The motion at Council called on the City to “officially declare a climate emergency for the purposes of naming, framing, and deepening our commitment to protecting our economy, our eco-systems, and our community from climate change.”
 
According to similar data, neighboring cities are also set to change. 
 
The science journal Nature recently published a climate visualization tool which matches North American cities’ future climates to present-day examples, as reported by The Varsity. In 2080, Toronto will feel like Secaucus, New Jersey, with its warmer and wetter climates reflecting similar transitions in Ottawa and Montreal.
 
For MacLatchy, it’s early. The City’s declaration has made climate and sustainability a priority going forward, and the effect will likely seep into other municipal programs.  Meanwhile, he said, “fatalism” will need to be addressed as the City sets its sights on a more sustainable future.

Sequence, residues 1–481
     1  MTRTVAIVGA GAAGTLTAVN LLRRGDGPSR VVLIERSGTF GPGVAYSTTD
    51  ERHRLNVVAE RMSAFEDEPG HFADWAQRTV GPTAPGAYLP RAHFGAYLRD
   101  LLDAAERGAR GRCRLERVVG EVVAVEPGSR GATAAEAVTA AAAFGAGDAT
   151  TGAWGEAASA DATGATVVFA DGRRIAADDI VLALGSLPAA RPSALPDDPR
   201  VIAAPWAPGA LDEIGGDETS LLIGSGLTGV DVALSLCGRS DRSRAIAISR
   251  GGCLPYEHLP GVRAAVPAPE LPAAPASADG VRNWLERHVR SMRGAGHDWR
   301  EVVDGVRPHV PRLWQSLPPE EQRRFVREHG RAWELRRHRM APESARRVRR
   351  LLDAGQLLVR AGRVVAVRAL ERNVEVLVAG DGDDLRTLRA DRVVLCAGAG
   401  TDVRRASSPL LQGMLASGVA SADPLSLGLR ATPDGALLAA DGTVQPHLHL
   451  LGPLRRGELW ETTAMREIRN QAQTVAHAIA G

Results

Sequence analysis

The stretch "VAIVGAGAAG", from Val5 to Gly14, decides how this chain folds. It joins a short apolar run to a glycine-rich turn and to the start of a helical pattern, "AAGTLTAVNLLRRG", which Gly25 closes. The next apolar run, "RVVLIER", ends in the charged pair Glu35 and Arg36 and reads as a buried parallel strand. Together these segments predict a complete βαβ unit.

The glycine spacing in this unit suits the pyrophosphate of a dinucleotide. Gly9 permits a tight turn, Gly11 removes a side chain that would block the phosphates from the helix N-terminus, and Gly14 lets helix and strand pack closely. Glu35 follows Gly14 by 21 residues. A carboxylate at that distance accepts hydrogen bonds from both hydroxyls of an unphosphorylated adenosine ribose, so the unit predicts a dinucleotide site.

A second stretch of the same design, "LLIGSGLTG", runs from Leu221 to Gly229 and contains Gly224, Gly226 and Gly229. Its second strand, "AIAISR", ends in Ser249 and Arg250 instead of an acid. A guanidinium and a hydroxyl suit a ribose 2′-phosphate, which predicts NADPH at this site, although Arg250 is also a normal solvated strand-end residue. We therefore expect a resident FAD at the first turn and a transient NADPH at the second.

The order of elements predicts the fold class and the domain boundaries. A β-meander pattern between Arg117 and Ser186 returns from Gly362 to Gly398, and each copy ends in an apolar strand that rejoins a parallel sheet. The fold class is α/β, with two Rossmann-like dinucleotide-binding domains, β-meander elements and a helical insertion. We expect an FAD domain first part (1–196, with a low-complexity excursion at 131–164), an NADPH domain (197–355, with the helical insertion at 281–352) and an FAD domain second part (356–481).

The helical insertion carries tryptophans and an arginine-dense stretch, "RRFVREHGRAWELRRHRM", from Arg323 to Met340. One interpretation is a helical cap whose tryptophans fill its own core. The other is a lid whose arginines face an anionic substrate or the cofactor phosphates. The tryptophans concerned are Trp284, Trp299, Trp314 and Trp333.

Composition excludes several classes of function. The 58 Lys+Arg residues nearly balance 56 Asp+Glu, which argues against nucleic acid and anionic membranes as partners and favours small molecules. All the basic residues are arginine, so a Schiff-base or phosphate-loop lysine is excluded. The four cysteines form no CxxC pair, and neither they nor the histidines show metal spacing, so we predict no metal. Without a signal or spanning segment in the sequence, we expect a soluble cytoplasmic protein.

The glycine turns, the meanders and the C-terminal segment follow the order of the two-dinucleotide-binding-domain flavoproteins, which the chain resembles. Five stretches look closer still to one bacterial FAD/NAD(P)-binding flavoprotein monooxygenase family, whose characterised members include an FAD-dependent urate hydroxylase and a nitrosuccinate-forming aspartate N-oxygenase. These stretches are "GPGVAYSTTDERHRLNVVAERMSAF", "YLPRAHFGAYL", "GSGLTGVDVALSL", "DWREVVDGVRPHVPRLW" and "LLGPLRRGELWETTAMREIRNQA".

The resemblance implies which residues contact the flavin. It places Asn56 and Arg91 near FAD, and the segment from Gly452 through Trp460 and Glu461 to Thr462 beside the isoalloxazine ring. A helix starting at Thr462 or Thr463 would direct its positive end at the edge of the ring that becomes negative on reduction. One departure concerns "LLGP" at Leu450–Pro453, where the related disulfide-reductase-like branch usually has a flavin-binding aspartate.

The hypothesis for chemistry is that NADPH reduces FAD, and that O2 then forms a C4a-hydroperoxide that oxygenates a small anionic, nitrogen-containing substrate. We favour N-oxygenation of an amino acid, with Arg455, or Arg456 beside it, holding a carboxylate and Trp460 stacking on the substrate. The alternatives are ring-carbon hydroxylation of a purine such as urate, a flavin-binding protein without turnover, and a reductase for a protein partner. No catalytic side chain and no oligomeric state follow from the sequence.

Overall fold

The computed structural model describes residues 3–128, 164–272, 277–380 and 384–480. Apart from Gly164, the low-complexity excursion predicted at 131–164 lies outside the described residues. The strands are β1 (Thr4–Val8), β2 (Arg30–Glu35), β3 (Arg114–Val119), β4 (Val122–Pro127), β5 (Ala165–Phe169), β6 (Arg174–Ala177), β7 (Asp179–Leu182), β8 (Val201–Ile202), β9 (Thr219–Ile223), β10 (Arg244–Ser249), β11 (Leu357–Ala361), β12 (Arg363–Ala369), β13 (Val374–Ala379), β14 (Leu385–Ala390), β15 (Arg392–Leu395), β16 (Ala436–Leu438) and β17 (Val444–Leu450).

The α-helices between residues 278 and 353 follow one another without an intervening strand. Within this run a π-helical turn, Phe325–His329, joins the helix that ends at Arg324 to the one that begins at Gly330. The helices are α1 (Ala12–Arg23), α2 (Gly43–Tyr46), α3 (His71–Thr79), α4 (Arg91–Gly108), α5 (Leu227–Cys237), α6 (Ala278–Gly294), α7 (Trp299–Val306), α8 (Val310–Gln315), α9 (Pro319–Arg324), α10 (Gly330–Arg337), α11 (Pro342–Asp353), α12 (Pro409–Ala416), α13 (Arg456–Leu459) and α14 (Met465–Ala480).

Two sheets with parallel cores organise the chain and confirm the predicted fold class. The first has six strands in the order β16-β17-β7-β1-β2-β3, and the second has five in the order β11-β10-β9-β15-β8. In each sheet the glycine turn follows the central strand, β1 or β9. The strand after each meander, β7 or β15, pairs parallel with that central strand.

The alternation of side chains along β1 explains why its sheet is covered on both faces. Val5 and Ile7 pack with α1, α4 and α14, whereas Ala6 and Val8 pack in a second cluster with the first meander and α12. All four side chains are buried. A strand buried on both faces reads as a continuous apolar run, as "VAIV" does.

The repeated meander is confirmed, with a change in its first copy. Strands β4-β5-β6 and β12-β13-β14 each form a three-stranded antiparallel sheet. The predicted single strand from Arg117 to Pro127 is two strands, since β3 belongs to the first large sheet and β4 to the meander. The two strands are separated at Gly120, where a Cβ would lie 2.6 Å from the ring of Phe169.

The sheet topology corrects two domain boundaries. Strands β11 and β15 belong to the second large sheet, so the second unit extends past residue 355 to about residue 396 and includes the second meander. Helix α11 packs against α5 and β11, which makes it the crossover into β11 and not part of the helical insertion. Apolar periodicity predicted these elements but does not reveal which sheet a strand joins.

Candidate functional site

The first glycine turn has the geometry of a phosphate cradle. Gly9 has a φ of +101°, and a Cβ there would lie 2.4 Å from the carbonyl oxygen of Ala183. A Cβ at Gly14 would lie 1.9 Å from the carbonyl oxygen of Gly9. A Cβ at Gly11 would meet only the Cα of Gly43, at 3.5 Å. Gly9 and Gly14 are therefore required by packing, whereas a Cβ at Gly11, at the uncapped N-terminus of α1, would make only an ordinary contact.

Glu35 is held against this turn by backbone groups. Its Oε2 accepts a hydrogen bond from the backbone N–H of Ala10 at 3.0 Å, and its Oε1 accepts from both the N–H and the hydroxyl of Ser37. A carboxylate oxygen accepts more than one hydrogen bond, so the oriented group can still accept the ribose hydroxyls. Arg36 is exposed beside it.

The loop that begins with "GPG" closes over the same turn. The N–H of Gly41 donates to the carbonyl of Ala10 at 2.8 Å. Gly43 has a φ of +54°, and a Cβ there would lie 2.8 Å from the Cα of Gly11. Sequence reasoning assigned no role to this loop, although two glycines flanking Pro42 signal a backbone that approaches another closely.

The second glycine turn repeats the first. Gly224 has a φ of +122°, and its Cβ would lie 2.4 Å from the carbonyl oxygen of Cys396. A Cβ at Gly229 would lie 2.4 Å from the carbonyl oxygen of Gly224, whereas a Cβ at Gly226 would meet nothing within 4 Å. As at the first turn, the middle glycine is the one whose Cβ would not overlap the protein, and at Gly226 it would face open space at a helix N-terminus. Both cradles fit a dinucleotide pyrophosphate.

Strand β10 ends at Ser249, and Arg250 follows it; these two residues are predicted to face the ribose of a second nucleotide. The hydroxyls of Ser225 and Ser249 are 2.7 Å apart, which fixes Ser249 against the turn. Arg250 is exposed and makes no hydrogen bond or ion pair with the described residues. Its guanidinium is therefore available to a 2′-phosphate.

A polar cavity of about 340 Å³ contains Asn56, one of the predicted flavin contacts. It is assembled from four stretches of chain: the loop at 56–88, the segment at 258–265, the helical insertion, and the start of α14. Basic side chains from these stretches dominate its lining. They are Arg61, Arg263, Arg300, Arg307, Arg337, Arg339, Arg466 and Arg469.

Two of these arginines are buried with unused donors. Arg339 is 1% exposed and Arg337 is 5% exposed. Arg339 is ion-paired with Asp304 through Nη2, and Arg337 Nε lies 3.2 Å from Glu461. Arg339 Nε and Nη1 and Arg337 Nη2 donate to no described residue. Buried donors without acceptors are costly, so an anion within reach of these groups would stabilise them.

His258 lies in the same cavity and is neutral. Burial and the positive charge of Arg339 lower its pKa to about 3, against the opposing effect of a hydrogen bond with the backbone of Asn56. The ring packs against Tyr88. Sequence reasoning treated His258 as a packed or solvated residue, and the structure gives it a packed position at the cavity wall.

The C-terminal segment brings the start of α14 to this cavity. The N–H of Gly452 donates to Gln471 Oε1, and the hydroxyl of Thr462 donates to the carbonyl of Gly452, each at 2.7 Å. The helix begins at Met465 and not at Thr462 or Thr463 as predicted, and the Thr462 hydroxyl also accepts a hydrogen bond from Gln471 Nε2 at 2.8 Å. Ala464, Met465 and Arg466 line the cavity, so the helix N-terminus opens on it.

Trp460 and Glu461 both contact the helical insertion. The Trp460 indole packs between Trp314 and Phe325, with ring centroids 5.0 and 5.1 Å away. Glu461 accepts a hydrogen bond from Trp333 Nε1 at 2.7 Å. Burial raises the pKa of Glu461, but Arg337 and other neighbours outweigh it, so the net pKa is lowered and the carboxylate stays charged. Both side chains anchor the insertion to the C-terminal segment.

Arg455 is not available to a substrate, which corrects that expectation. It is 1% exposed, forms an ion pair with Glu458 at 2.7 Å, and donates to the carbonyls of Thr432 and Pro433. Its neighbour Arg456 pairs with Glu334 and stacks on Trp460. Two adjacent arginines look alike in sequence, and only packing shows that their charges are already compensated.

“We’re a lake city and a lot of tourism and quality of life is very much linked to the lake and the water,” he said. “If climate change threatens that, it threatens our quality [of] life.”
 
There have been bright spots. A study of 63 municipalities released in academic journal Climatic Change last year found Kingston’s Climate Action Plan the best of its kind in Canada. Researchers from the Universities of Guelph and Waterloo found most cities failed to assess the specific impact of climate change. 
 
Only seven cities identified neighborhoods that would be particularly vulnerable, and twelve noted key industries that were endangered.